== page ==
The Romantics prioritized passion, intuition, and feeling over rational abstraction because they placed a strong focus on the individual self. They were on the hunt for “the sublime,” a mental or emotional state characterized by awe, fear, and feelings of majesty and wonder. A poet’s response to a wild, isolated, or grandiose natural setting frequently evoked the sublime, as did the huge night sky, enormous geological tectonics, or enormous castles. In addition, Romantics interpreted the world using their hunches rather than objective data. For instance, if a writer felt the divine in a natural setting, the actuality of that presence was not questioned; rather, it was taken for granted because the writer had experienced it.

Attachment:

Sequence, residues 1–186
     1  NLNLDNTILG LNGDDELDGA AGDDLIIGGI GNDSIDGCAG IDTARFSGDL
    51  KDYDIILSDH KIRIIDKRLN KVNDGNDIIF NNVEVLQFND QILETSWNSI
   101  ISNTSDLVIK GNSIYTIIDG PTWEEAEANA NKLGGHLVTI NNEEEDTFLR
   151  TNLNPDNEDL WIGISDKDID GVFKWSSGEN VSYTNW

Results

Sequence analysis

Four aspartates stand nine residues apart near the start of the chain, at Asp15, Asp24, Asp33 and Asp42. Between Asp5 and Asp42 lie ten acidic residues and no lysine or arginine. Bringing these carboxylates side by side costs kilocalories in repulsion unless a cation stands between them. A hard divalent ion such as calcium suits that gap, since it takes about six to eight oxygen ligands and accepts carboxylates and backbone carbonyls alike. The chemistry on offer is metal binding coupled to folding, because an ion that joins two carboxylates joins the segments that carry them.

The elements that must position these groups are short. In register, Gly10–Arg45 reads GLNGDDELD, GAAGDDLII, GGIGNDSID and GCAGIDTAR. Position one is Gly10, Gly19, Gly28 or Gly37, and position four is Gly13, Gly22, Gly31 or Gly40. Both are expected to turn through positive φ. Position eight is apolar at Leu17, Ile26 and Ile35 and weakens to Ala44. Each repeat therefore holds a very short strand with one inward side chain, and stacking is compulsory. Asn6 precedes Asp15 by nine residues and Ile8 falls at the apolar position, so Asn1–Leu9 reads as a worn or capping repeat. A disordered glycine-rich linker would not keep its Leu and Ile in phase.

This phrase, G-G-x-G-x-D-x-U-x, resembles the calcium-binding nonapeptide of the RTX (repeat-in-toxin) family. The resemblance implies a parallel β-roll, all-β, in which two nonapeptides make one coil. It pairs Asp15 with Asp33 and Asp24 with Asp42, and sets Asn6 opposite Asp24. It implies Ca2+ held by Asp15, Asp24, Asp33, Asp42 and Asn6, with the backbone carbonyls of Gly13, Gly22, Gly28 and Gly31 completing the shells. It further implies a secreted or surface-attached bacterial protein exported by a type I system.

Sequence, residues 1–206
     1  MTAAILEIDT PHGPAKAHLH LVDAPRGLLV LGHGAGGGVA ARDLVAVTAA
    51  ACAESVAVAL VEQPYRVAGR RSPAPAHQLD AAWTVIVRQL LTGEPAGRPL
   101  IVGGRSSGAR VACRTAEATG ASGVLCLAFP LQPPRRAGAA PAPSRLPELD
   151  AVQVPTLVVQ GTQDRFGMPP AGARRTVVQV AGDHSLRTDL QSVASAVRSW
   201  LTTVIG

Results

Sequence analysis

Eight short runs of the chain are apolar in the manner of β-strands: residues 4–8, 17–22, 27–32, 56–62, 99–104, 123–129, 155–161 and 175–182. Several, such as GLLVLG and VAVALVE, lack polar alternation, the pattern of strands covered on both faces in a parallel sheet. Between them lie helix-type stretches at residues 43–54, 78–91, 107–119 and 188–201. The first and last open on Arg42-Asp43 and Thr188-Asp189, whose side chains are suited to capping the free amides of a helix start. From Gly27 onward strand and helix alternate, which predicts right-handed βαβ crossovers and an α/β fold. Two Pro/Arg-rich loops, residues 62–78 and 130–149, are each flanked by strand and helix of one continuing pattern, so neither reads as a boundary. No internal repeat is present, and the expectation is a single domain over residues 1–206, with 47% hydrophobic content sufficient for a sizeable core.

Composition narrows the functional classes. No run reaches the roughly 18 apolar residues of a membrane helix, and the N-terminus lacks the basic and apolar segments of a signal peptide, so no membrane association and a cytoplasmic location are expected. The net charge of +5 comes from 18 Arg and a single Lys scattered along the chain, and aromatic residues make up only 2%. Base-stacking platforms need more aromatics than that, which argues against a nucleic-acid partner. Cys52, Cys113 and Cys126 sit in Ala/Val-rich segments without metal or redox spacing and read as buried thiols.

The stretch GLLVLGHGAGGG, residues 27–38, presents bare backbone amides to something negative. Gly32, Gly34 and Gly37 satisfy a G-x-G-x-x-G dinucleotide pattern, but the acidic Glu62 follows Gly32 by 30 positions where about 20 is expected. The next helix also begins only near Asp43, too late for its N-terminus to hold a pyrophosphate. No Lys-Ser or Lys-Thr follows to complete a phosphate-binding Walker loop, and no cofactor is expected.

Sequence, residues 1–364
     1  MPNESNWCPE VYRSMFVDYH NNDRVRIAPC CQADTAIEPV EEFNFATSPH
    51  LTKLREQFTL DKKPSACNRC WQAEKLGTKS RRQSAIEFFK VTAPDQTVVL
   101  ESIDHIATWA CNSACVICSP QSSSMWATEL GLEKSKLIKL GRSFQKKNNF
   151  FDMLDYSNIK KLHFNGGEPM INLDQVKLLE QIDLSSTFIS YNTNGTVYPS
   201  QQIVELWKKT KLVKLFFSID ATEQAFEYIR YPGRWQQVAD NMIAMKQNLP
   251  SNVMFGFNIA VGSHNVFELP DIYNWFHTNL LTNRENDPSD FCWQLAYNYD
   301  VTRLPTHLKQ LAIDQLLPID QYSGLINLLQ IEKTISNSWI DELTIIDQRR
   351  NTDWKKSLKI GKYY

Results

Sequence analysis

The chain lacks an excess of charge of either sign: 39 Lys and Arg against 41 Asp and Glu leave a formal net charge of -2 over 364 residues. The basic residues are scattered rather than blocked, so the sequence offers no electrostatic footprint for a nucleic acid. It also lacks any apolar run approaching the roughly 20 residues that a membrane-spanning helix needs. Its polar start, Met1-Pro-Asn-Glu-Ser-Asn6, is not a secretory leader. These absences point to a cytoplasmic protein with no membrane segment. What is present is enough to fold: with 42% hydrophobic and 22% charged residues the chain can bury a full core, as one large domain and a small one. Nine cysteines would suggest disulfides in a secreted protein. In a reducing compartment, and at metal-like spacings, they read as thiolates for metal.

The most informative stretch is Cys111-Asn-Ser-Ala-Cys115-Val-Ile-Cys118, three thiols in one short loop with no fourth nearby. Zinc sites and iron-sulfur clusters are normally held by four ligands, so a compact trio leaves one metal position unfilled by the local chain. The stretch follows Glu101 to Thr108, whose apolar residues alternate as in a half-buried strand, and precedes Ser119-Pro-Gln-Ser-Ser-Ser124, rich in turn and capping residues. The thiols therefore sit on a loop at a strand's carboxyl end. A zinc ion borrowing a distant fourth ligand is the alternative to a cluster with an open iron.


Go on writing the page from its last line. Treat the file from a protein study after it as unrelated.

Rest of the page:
Brief History of the Romanticism Period

The first generation of British artists, who were active in Europe between 1760 and 1780 and included James Barry, Henry Fuseli, and John Hamilton Mortimer, introduced Romanticism to England. These artists liked to paint subjects that broke away from the time’s rigid decorum and classical or historical mythology. The visionary imagery and influence of some English poets, such as William Blake, inspired romantic artists to favor weird, pitiful, or extravagant topics. A few years later, English painters J.M.W. Turner and John Constable, who excelled at painting gorgeous landscapes and capturing the dynamic the majestic natural world evokes in the artist, represented the Romantics. The two early Romantic artists that spearheaded the trend in France were Eugène Delacroix and Théodore Géricault.